Banana, Wood and Other Staple Agricultural Goods


While many focus on Africa’s large mineral supplies, both Margot and Jeffrey centered the discussion on the role of agricultural investments in bringing change and achieving long-term profits. Margo referenced a series of banana farms that the Rockefeller foundation has helped finance and bring to the market in East Africa. Initially banks were weary in making loans to these farmers. With no collateral the farmers were unable to initially attain money to make the needed investments in their own farms. The Foundation saw the opportunity and chance to make a difference in the lives of these farmers and personally backed the loans. The result years later is a burgeoning industry, as these farms have created wealth and a stable livelihood for the farmers in the region.


Jeffrey told an interesting tale of a woodcutting and packing plant in South Africa that he had invested in as part of his fund. The plant had excellent wood supplies and cultivation methods, but its operation processes and market focus were lacking. This was the result of monopolization and lack of education and management skills in the area. When Jeffrey and his team came in, they realized that to bring about needed changes to this plant more than just operations management optimization was required. It required an investment in the village and surroundings. Jeffrey’s firm put in new teachers at local schools, educated the local population on AID’s prevention and STD’s, employed senior managers from North America, and also provided classes on how employees could manage their money. Despite cutting the work force by a significant percentage and retraining the workforce to optimize their production and distribution methods, the village and its residents still experienced a positive and lasting change. In addition, upon exiting the venture, the Global Environment Fund had made a significant profit.


In both these examples the vision, faith, and execution in these ventures proved to be the impetus needed to bring about positive change and highly profitable conditions to these African markets. Without these investments both the outside investors and the local people in the villages would not have experienced the same magnitude of prosperity and wealth.


Not All Horses Are Thoroughbred’s: Growing Pains and Lessons Learned


If all investments in Africa were as profitable and had the same execution and results as the stories categorized below, Africa would already be seen by investors in a different light. The reality of the situation is one can make many mistakes with investments. Both Margot and Jeff discussed this aspect as well. Jeff talked about an investment with a large multinational for a production plant that encountered unforeseeable difficulties and financial woes. What seemed like a safe slam-dunk investment suddenly turned into a nightmare. Margot referenced several programs that had been started to spur industry but had turned into large inefficient subsidy programs.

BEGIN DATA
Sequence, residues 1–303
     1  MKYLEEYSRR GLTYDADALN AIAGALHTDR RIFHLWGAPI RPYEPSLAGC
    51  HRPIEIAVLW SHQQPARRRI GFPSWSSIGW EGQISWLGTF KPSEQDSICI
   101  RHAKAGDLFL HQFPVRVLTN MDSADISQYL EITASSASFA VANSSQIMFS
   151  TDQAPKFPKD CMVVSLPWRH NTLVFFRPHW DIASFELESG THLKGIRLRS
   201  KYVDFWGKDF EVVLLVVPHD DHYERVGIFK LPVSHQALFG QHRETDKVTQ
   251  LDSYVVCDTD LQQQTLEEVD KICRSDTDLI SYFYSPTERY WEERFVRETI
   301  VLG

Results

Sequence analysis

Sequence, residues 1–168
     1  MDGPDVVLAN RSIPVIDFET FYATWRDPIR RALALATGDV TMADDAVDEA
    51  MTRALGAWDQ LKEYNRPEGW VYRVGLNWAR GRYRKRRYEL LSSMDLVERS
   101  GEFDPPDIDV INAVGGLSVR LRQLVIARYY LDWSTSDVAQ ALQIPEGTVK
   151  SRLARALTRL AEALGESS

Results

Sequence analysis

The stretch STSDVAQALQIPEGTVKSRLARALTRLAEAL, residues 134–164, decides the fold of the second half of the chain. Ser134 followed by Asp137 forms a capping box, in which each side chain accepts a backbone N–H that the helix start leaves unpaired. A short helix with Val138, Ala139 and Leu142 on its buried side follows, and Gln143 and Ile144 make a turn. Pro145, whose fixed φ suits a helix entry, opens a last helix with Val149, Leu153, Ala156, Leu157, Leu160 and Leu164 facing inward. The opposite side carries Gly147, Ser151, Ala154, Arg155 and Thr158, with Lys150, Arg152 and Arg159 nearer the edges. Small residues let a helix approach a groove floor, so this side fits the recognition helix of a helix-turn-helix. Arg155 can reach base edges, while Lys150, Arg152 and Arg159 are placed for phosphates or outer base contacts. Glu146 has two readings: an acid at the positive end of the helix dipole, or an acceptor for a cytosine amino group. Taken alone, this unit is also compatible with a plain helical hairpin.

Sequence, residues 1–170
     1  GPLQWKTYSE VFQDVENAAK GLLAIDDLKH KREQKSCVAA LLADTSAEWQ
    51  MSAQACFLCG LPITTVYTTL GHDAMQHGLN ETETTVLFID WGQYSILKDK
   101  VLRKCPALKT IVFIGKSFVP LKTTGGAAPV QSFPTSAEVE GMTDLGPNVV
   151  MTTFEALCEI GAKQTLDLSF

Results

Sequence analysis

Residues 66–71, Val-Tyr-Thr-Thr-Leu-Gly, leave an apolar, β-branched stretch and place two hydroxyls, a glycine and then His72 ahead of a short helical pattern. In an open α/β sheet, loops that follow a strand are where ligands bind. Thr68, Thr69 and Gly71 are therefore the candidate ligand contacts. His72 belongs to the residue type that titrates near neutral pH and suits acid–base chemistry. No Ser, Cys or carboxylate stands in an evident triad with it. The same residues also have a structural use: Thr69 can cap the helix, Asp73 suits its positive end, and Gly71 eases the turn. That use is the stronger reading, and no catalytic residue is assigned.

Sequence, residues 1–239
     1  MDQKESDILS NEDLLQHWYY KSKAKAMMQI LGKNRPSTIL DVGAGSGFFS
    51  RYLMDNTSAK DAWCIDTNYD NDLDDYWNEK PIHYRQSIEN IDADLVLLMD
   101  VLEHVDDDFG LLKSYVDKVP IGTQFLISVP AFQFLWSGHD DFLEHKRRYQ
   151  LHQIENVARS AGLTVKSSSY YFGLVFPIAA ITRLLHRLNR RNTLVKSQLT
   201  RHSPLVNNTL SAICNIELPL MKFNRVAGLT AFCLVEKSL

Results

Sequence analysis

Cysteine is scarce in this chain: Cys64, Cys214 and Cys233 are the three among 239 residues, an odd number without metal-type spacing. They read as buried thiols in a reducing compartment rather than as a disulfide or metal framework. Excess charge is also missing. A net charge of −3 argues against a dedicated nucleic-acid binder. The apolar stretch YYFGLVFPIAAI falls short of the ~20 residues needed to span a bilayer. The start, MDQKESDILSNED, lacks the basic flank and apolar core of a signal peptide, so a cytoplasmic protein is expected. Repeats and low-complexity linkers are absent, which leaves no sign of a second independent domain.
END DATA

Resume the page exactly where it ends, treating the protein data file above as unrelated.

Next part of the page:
The key to both Margot and Jeff’s overall long-term success in Africa has been learning from their mistakes. In some cases, this has meant exiting investments that will never bring about sustained change. In others, it is funding investments that may not have immediate profit but will provide the needed cocoon environment to spur future innovation and investment. As Margo clearly stated: “There is a fine balance between being patient with investments and throwing good money after bad.” In all cases, the investment and development process has been a dynamic and consistent learning experience.


The New Colonials: China’s Role in Africa


The largest investor and country currently involved in Africa is China. With billions of dollars invested across Africa, China holds many deeds and rights to lands and natural resources across Africa. While, the presence of Chinese investment has spurred the construction of needed infrastructure in Africa, it has come at a great cost.  These investors have been viewed by many as rapacious in their actions employing only Chinese workers, extracting, and reaping the maximum profit possible while ignoring country laws and international restrictions. Neither Margot nor Jeff has collaborated with Chinese investors, but both are anxious to see how the role of China will dictate future international investments in Africa.


What the Future Holds


Margot and Jeffrey were both quite optimistic on the future of Africa. Investments in downstream agriculture and food processing will continue to be a growing market in Africa. Apart from those Margot and Jeff noted other industries such as mobile technologies. The continued development of mobile has opened all sorts of doors for innovation that many thought were not even possible. The mobile sector will continue to be a key part of the investment and enablement mix for the future.


With a very young population, the primary driver to long termed sustained success in Africa will be dependent on developing and training the right workforce. Right now there is a dearth of management talent in the region which makes all investors both local and foreign to have to invest a significant amount of time and patience in training and development.  This is an issue that many local governments and world organizations are still trying to solve. The hope being that in the not-so-far future Africa’s workforce will be empowered with the needed skills to build and grow their industries. If this happens the African future can be as bright as the African sun.


Dec 30

What Defines A Good Entrepreneur: How the Entrepreneurial Finance Lab is Revolutionizing Global Entrepreneurship